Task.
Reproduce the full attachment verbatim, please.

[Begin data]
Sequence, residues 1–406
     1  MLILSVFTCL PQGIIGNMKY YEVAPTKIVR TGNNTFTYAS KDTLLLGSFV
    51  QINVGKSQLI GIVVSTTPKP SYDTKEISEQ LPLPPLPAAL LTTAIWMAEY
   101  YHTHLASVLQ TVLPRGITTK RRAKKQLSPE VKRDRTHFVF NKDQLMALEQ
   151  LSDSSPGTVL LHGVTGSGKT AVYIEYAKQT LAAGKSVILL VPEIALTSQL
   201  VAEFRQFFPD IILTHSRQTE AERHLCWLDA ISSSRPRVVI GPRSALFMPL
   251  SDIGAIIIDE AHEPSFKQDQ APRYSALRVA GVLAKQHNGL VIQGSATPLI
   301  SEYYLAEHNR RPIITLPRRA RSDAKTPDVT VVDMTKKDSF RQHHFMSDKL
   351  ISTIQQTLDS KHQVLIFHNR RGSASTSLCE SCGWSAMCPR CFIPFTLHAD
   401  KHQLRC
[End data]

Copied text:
Sequence, residues 1–406
     1  MLILSVFTCL PQGIIGNMKY YEVAPTKIVR TGNNTFTYAS KDTLLLGSFV
    51  QINVGKSQLI GIVVSTTPKP SYDTKEISEQ LPLPPLPAAL LTTAIWMAEY
   101  YHTHLASVLQ TVLPRGITTK RRAKKQLSPE VKRDRTHFVF NKDQLMALEQ
   151  LSDSSPGTVL LHGVTGSGKT AVYIEYAKQT LAAGKSVILL VPEIALTSQL
   201  VAEFRQFFPD IILTHSRQTE AERHLCWLDA ISSSRPRVVI GPRSALFMPL
   251  SDIGAIIIDE AHEPSFKQDQ APRYSALRVA GVLAKQHNGL VIQGSATPLI
   301  SEYYLAEHNR RPIITLPRRA RSDAKTPDVT VVDMTKKDSF RQHHFMSDKL
   351  ISTIQQTLDS KHQVLIFHNR RGSASTSLCE SCGWSAMCPR CFIPFTLHAD
   401  KHQLRC